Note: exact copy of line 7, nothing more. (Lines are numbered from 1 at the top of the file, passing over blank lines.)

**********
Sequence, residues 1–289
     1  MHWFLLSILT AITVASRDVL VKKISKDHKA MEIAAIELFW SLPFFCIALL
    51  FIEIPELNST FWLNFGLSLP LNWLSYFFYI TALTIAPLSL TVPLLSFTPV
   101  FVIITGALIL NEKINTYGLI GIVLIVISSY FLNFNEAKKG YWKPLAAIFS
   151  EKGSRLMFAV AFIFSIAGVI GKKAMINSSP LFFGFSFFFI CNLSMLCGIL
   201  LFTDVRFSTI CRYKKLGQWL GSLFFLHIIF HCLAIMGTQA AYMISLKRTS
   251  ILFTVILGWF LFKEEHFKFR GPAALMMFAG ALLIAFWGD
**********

   251  ILFTVILGWF LFKEEHFKFR GPAALMMFAG ALLIAFWGD